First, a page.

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ArlingtonOpinionEditorial: A choreographed dance on Missing Middle?

Editorial: A choreographed dance on Missing Middle?

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Editorial: A choreographed dance on Missing Middle?

Many decades ago, we were invited to a football game at a major university, a contest held in a stadium where no alcohol was permitted.

A little dance was repeated again and again, we soon divined. Patrons would bring in coolers filled with cheap beer at the top. The teens and 20-somethings staffing the gates would confiscate the beer (for future consumption, we’d imagine) until they got down to a layer of soft drinks.

At that point, the fans were allowed to pass through.


As everyone in this well-crafted charade knew, below the soft drinks could be found the liquor that patrons intended to get into the stadium in the first place. Everybody understood the drill, and everybody played their part.

We bring this up because it seems that the Missing Middle policy proposals that last week were advertised for public hearings in March (and almost inevitable adoption) represented a similar game.

County staff had proposed some really aggressive shoehorning of housing into single-family neighborhoods. That was the cheap beer at the top layer of the cooler, the fig leaf covering what was really desired.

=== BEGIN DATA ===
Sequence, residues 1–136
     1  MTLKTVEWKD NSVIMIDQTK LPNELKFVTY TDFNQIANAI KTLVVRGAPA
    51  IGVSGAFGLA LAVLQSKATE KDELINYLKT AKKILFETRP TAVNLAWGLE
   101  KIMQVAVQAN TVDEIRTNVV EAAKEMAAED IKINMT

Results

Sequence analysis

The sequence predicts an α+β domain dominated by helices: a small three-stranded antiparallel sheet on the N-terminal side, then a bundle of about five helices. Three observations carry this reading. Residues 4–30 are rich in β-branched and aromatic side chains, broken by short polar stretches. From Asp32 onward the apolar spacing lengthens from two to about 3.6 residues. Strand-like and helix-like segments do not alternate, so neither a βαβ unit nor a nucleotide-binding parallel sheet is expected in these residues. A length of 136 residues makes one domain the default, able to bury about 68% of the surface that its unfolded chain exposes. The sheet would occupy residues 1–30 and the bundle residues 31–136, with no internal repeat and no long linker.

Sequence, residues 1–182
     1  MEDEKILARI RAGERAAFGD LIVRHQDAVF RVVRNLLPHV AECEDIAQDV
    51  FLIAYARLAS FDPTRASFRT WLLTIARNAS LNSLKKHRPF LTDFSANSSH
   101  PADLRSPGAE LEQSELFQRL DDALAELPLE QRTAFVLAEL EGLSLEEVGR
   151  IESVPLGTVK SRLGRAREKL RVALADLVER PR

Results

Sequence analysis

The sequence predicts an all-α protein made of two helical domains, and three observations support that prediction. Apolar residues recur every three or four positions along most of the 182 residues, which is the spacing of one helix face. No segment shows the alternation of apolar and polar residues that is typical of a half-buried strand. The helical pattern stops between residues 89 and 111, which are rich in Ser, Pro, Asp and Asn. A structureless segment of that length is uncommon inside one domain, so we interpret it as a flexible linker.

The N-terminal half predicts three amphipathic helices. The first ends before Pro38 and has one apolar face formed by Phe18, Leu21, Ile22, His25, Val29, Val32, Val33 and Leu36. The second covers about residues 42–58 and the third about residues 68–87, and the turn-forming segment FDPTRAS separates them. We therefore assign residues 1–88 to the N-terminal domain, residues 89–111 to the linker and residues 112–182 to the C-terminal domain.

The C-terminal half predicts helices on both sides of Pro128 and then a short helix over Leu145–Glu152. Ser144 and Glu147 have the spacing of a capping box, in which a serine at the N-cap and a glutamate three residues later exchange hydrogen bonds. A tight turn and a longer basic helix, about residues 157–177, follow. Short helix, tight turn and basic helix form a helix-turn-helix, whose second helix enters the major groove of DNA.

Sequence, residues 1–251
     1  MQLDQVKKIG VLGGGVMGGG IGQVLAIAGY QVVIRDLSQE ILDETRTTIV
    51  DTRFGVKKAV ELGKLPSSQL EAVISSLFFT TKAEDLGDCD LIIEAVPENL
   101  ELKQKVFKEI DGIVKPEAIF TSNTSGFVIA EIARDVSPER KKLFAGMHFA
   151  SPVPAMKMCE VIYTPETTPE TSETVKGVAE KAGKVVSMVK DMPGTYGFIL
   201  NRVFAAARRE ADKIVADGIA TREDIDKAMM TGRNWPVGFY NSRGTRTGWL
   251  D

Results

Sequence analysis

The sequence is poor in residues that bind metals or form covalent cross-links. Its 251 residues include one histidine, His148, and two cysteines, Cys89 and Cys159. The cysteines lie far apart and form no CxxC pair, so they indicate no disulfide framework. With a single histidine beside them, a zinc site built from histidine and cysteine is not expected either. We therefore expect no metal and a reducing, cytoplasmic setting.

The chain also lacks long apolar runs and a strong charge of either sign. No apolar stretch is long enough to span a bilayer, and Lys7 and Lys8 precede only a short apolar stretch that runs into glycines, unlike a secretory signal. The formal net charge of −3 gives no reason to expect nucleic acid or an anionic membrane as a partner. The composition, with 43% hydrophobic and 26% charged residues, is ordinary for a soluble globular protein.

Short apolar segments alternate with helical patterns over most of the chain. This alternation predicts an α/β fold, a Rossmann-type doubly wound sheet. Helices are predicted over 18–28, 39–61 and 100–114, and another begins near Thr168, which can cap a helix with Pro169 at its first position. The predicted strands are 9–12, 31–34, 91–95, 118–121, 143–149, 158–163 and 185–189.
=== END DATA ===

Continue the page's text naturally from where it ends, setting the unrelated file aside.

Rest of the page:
County Board members, saying they listened to the public, threw that top layer out and effectively said, “Look, everything is OK, we’ve gotten rid of the offending stuff.”

Board members Christian Dorsey and Katie Cristol, who pressed to the very end to advertise an even more aggressive policy but didn’t have the key third vote to get it, pronounced themselves disappointed at what they proclaimed a watered-down end result. (But not irked enough to vote against what the majority offered, apparently.)

We suspect Dorsey and Cristol really meant it when expressing their discontent. But last week’s final 5-0 vote also seemed to represent a typical negotiating gambit: Start with a position purposely untenable, then whittle your way down to something more acceptable while piously telling those with concerns about the implications of the action they should be thankful that the final proposal wasn’t as extreme as it could have been.

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